But Deezer is nonetheless preparing for its long-awaited U.S. launch, recently hiring an American CEO and opening a new office in San Francisco. Deezer reps refuse to elaborate on U.S. plans, but Coonen drops a hint about the importance of expanding here, in addition to almost everywhere else in the world. "We estimate 25 million people in the world, including the U.S., are paying for streaming services, out of a total Web-connected population of 2 billion," he says. "We're really at the beginning of this market."
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The Stupidity of the Music Industry Is Absolutely Stunning
By Rocco Pendola - 07/28/14 - 8:00 AM EDT
Tickers in this article: P SNE
NEW YORK (TheStreet) -- Word from Peter Kafka over at the artist formerly known as All Things D is that the owners of Vevo are looking for a buyer.
That's noteworthy because Universal Music Group and Sony Music control the music video streamer. That's worth mentioning because, as is the case with Spotify, record labels appear to treat these entities as little more than revenue streams they're happy to share (or divest) with anybody willing to foot the bill to help run the thing.
It's shocking that with the emergence of streaming music and the death of downloads (not to mention the compact disc) the music industrial complex doesn't seek complete control of everything from Vevo to Spotify to Pandora . When the labels saw Pandora break out alongside the release of Apple's iPhone, they should have attempted to take it out via an acquisition or by building their own streaming platform(s).
Why would an industry effectively cede control over its product to technology companies and financial firms with different and, quite often, competing goals? It didn't make sense as Pandora was emerging. It makes even less sense now. It's truly nothing short of stunning that the record labels sit back and watch Pandora make better use of data derived from music (to sell advertising) than the labels themselves.
Has the music industrial complex forgotten what Apple did to it via iTunes? Is it not witness to the battle it's mired in with a Pandora that seeks to pay as little as possible to license music? These companies are, at best, frenemies to the music industry. At worst, they're adversaries or downright backstabbers. But wait ... maybe Google will take sole control of Vevo. They would never even think of hosing the music industry!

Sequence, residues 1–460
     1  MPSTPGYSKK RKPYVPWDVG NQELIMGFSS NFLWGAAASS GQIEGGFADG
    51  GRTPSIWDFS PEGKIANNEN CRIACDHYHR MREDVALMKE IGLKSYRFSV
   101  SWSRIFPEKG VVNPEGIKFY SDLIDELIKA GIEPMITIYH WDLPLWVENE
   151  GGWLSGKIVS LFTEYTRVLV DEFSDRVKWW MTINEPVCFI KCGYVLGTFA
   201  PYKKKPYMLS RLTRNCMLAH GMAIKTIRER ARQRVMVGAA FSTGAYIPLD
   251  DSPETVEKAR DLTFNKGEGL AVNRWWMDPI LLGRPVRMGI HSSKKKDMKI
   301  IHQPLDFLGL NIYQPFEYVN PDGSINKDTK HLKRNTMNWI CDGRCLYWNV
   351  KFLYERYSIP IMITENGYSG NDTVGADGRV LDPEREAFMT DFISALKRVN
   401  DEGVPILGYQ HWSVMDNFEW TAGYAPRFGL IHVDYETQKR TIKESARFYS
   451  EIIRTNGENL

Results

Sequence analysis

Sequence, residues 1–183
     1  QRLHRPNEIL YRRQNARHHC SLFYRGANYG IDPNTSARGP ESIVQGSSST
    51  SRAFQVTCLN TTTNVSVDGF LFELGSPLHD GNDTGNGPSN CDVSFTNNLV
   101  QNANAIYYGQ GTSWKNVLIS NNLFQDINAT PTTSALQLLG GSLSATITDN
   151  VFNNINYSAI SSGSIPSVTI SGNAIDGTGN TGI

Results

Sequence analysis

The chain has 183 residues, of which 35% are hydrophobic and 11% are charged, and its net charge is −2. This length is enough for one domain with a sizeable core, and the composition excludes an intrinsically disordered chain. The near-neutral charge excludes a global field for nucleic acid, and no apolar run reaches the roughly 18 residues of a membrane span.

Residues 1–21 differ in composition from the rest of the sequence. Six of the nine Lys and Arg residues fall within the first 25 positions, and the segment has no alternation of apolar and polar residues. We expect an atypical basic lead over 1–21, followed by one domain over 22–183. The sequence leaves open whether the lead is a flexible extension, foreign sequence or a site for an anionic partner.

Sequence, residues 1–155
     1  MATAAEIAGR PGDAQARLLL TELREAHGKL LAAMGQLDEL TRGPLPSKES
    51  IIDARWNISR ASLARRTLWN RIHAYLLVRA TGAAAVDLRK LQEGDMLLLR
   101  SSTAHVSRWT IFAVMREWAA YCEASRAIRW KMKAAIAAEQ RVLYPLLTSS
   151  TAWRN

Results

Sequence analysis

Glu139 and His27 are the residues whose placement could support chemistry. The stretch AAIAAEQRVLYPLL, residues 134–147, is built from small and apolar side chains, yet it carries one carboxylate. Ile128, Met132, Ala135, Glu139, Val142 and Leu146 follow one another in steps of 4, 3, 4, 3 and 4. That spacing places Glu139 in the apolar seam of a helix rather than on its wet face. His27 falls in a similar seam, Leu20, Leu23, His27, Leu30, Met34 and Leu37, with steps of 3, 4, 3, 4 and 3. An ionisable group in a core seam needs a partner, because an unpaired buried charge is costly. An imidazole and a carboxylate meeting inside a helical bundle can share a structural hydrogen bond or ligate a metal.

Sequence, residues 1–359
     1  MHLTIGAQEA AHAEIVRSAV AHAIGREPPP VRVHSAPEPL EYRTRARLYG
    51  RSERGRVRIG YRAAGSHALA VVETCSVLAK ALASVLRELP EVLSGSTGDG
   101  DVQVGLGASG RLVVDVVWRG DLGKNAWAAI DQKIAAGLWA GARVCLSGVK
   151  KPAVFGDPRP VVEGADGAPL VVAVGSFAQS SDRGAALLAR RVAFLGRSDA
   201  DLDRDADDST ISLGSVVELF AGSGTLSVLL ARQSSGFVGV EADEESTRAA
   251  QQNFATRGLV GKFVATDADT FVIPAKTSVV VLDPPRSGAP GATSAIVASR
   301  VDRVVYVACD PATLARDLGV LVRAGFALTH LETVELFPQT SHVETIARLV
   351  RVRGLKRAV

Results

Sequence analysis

At the very least, the record labels should fight to move toward a situation where they can say to a streaming radio/music platform: We'll only let you play our music if we get to see all of the data you can see via dynamic platforms we help you create.
But, better yet, why not strive to jettison third parties all together? Take control of your product from distribution to monetization via traditional means as well as new data-driven options we have only begun to conceive. Shift focus from royalties -- this idea that one play or spin or sale derives X amount of revenue which gets split between Y different stakeholders -- and move into new, more relevant ways of running your business. A model that maximizes digital technology and data. Not one that tweaks old and antiquated rules and regulations that don't deserve tweaking in the first place.
As longtime music industry executive Lyor Cohen said recently, he has spent his entire career not knowing who his customer is. Unless they're forced, don't expect Apple, Pandora, Google -- not one of these self-interested tech companies -- to deliver this information to the music industry. And, quite frankly, they have no obligation to do so. The music industrial complex needs to -- for once -- take control over and steer its own destiny.
--Written by Rocco Pendola in Santa Monica, Calif.